Major German companies have led the list of profit warnings issued in the region during the latest earnings season. Daimler, BASF, Continental, Henkel, Deutsche Lufthansa and Metro are among those that have cut their forecasts.
Many more have drawn bleak pictures of their prospects.
The economy contracted 0.1% quarter-on-quarter from April to June, pushing it closer to a recession. Surveys for the third quarter have hinted at a further deterioration.
At the heart of companies’ concerns are weaker global growth, dwindling demand from China, and trade tariffs – factors that hurt Germany’s export-heavy industrial sector in particular.
The consequences are starting to be felt. Unemployment rose by a total of 62,000 in the three months through July and demand for new workers continued to soften.
That’s bad news for the exports-driven economy looking to make up dwindling exports with consumption and investment. Domestic demand still supported the economy in the second quarter but that might change once uncertain prospects prompt companies and households to rein in spending.
The US and China have ramped up their trade conflict, and both countries are important markets for German exporters, meaning the tariffs are hurting their businesses too.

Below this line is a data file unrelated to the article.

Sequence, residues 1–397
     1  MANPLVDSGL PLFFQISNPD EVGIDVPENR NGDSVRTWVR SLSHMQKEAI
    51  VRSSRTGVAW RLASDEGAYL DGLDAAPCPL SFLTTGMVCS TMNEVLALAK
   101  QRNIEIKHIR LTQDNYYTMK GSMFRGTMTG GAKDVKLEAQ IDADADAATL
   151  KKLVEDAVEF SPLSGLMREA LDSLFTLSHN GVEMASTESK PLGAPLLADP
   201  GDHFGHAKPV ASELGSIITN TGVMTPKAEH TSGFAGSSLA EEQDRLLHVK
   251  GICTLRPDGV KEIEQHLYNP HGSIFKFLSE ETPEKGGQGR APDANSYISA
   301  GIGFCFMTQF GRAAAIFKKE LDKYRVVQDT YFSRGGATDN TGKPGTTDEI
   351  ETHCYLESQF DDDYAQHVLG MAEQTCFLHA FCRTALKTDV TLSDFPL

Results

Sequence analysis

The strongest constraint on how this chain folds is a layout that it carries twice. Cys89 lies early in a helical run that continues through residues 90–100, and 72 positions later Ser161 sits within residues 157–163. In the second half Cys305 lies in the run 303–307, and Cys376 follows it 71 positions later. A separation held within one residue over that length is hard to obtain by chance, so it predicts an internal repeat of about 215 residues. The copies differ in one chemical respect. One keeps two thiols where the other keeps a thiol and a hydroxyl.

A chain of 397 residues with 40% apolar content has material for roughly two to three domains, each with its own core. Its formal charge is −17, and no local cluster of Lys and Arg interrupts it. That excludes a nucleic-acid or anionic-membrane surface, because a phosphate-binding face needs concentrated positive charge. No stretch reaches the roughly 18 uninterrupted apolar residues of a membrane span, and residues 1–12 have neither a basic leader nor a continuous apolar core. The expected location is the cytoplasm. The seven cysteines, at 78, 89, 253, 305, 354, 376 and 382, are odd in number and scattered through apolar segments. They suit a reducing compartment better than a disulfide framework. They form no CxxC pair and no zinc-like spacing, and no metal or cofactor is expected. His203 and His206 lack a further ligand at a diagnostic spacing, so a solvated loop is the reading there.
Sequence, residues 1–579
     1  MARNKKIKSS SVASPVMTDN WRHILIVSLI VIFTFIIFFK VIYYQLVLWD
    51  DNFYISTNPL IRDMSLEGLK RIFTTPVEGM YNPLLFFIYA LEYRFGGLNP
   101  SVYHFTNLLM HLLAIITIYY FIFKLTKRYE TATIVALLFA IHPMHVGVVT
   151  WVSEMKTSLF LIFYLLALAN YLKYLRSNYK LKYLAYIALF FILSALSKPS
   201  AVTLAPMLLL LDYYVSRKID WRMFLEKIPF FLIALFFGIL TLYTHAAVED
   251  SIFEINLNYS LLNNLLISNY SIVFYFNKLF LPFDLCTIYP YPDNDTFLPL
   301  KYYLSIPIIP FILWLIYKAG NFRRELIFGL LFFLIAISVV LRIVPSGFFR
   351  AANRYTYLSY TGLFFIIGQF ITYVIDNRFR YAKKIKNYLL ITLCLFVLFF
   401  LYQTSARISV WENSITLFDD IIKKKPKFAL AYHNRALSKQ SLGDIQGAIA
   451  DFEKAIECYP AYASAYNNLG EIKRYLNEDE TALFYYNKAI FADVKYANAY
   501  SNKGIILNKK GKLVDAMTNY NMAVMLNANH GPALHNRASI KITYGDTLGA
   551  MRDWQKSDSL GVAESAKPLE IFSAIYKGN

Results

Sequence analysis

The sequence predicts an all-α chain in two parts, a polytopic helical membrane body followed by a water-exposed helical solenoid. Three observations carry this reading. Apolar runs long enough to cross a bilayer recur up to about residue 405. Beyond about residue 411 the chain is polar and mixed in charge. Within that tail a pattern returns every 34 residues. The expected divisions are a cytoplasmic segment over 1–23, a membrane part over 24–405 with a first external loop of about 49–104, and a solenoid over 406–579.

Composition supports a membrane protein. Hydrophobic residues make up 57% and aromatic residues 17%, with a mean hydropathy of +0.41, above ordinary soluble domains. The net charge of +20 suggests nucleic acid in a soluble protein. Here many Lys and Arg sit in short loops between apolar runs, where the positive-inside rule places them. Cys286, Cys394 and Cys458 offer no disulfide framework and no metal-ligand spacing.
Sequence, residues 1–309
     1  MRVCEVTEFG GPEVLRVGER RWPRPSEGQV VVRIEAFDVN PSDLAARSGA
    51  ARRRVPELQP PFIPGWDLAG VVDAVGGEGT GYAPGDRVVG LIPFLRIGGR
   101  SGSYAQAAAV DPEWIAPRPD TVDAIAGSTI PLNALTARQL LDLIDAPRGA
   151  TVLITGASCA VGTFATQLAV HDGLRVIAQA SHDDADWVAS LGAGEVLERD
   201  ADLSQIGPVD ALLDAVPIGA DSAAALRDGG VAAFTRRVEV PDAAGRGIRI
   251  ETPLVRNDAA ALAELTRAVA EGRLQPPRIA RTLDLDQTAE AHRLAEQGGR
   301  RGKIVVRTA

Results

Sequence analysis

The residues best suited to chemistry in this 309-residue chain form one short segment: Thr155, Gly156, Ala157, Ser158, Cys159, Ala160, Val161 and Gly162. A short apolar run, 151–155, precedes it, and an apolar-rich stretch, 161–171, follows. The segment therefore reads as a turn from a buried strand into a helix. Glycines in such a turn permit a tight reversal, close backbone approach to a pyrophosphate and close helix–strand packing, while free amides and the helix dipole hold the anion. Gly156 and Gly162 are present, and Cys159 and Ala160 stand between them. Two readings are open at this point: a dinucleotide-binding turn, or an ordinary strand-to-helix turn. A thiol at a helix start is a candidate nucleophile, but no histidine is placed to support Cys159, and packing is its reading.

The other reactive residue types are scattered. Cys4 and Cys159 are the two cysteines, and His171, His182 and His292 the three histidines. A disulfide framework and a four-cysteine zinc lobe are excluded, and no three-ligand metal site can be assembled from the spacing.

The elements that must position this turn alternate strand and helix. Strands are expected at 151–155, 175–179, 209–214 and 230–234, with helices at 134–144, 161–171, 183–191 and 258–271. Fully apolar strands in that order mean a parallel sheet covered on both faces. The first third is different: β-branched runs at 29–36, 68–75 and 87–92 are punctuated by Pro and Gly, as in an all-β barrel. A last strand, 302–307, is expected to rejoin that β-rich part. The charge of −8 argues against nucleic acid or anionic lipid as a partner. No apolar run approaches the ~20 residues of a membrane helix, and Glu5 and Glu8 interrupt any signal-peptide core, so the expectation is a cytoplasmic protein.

Germany has the fiscal strength to counter any future economic crisis “with full force”, Finance Minister Olaf Scholz said on Sunday, suggesting Berlin could make available up to €50bn ($55bn) of extra spending.
With its economy on the brink of recession and borrowing costs at record lows, Germany is facing pressure at home and abroad to ditch its pledge to target balanced budgets and instead boost investment by taking on new debt.
But unless the economic situation becomes dire, the government has to play by its fiscal rules. Even if it scraps a commitment to keep the budget balanced, a constitutional debt brake limits the fiscal bang to €10bn at most, says Oliver Rakau at Oxford Economics.
At the same time, the government has already set aside more than €150bn for infrastructure, education, housing and digital technology over the next four years. That provides the economy with a boost of 0.4% of GDP and should be enough for now, according to Berenberg economist Florian Hense.
With its infrastructure in poor shape, Germany could think big and commit to higher investment for the next 15-20 years, according Christian Odendahl, chief economist at the Centre for European Reform in Berlin.
Such investment programmes take longer to implement, but can have a bigger impact.
Germany should cut taxes and upgrade its digital infrastructure to reduce its vulnerability to external shocks such as trade protectionism, the International Monetary Fund said in May.
Germany’s $4.2tn economy is roughly the size of France and the UK, the second and third European Union economies combined; it’s the fourth largest in the world behind the US, China and Japan.
When Germany sneezes, Europe is sure to catch a cold.